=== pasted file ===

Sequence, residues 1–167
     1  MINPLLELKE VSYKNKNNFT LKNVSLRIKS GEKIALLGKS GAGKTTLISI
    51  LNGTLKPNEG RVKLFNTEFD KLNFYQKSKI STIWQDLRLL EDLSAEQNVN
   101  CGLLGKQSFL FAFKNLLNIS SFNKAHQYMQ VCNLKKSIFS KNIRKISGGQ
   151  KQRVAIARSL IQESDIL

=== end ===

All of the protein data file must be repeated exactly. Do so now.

Sequence, residues 1–167
     1  MINPLLELKE VSYKNKNNFT LKNVSLRIKS GEKIALLGKS GAGKTTLISI
    51  LNGTLKPNEG RVKLFNTEFD KLNFYQKSKI STIWQDLRLL EDLSAEQNVN
   101  CGLLGKQSFL FAFKNLLNIS SFNKAHQYMQ VCNLKKSIFS KNIRKISGGQ
   151  KQRVAIARSL IQESDIL